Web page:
Like the UNIX file system, DNS domains are organized as a set of descending branches similar to the roots of a tree. Each branch is a domain, each subbranch is a subdomain. The terms domain and subdomain are relative. A given domain is a subdomain relative to those domains above it in the hierarchy, and a parent domain to the subdomains below it.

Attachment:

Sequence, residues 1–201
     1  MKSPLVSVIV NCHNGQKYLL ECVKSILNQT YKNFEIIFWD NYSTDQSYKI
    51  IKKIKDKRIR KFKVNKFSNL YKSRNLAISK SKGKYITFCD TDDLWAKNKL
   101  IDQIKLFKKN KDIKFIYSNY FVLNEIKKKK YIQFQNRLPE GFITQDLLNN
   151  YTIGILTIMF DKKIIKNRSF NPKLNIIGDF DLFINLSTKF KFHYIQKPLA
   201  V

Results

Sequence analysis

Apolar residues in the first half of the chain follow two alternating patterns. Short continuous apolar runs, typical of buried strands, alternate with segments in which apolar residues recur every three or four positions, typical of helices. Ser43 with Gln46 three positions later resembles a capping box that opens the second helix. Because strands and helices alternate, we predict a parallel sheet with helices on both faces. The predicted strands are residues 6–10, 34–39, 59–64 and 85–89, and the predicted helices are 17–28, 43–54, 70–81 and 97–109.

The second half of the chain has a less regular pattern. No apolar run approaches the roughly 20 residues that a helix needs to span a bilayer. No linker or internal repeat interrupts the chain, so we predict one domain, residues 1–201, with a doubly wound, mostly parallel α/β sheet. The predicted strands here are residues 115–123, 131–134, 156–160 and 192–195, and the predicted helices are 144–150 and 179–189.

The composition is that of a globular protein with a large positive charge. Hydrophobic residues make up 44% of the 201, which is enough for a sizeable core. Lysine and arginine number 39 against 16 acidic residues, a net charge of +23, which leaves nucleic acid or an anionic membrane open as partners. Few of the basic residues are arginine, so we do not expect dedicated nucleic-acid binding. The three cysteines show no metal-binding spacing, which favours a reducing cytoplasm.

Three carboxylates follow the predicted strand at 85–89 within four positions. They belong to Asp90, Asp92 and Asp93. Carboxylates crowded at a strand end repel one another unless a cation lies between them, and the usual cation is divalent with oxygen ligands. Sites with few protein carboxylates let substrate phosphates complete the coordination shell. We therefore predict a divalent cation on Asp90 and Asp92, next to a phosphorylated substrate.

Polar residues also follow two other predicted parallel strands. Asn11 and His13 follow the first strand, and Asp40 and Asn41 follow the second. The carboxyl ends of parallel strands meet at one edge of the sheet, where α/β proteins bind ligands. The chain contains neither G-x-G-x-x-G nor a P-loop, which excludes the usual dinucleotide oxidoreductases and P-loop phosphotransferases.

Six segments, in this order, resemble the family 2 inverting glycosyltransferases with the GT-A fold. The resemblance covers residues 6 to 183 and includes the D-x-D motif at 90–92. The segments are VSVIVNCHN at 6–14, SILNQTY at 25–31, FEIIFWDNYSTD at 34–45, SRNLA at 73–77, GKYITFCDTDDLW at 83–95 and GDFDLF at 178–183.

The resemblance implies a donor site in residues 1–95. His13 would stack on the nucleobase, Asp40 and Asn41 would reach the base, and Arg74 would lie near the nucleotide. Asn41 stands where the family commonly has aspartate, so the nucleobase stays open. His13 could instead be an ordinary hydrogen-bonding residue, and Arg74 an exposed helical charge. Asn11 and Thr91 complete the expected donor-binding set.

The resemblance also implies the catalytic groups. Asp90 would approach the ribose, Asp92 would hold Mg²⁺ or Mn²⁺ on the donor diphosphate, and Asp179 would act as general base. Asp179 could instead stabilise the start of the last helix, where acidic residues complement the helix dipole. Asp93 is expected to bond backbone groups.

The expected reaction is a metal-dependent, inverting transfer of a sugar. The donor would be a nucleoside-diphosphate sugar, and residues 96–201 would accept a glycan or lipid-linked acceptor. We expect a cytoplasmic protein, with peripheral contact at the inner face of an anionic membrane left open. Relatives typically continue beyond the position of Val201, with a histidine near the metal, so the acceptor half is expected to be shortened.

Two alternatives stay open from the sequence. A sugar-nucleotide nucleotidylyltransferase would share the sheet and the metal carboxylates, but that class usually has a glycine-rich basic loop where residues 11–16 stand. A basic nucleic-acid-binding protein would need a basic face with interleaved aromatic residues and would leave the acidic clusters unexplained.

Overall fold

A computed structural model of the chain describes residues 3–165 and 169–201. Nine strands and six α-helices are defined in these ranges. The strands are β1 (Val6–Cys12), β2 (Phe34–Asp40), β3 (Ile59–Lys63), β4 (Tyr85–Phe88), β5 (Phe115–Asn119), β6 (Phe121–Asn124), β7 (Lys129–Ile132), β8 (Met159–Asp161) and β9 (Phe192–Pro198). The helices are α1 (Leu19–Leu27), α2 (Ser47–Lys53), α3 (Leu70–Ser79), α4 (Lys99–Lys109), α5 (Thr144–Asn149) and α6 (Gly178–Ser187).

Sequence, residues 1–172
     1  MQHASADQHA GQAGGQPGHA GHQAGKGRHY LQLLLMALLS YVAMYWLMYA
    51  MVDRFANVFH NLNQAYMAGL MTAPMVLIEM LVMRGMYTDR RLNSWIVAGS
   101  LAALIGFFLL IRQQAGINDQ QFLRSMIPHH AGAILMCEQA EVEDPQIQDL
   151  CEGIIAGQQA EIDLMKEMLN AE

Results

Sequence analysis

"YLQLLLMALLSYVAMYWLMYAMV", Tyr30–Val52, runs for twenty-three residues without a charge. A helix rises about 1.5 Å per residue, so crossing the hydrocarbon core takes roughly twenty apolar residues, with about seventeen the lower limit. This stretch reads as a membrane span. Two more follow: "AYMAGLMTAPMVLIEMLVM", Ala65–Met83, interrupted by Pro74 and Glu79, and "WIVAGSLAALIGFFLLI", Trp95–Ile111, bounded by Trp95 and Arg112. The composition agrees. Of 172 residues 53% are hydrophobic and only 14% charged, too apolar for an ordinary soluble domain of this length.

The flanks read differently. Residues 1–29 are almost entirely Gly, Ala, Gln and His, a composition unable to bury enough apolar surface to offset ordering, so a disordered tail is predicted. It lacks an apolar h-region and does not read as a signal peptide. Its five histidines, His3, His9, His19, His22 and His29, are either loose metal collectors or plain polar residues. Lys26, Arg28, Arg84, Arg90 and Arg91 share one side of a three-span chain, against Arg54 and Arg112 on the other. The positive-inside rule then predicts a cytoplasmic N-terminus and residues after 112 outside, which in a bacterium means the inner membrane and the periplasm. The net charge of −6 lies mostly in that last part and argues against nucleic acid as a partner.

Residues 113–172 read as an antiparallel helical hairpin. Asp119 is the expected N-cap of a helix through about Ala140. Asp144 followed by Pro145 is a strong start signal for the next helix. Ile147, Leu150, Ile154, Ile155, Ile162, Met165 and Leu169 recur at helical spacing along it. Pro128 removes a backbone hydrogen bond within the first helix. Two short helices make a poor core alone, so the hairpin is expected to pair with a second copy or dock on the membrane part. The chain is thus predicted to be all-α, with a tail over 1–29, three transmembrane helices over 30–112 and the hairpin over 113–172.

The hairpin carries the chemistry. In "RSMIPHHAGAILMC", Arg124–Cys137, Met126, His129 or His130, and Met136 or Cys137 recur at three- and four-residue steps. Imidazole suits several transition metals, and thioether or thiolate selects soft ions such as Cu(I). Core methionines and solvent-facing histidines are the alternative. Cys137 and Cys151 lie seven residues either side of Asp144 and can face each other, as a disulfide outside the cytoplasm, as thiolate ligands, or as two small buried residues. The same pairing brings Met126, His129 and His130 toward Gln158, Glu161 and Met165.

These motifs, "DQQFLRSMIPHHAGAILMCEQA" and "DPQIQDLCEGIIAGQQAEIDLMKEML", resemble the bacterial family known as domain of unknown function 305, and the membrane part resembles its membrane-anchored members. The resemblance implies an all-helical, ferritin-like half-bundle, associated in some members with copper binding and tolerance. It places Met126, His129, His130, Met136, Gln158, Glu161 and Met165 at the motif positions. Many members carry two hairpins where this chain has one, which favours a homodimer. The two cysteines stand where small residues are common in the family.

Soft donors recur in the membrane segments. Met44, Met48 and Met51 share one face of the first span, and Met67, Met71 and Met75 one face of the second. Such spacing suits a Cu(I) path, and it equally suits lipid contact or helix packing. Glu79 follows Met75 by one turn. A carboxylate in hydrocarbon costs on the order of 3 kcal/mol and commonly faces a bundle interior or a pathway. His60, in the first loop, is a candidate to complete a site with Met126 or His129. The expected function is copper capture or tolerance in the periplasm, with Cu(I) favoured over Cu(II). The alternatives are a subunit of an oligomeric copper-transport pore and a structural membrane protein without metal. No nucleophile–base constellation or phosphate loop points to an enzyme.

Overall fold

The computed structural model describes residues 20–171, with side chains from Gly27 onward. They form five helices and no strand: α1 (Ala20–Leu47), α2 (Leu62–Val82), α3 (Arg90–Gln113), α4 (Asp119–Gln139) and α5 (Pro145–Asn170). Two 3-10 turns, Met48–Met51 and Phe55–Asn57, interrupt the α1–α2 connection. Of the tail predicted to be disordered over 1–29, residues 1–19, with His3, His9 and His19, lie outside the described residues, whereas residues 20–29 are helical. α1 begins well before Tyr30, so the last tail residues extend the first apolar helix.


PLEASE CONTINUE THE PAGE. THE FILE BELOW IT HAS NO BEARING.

For example, in Figure 5–1, com is a parent domain to the Acme, Ajax, and AAA domains. Or you could just as easily say that those are subdomains relative to the com domain. In its turn, the Ajax domain is a parent to four subdomains (Sales, Manf, QA, and Corp).
A domain contains one parent (or top) domain plus the associated subdomains if any. Domains are named up the tree starting with the lowest (deepest) subdomain and ending with the root domain.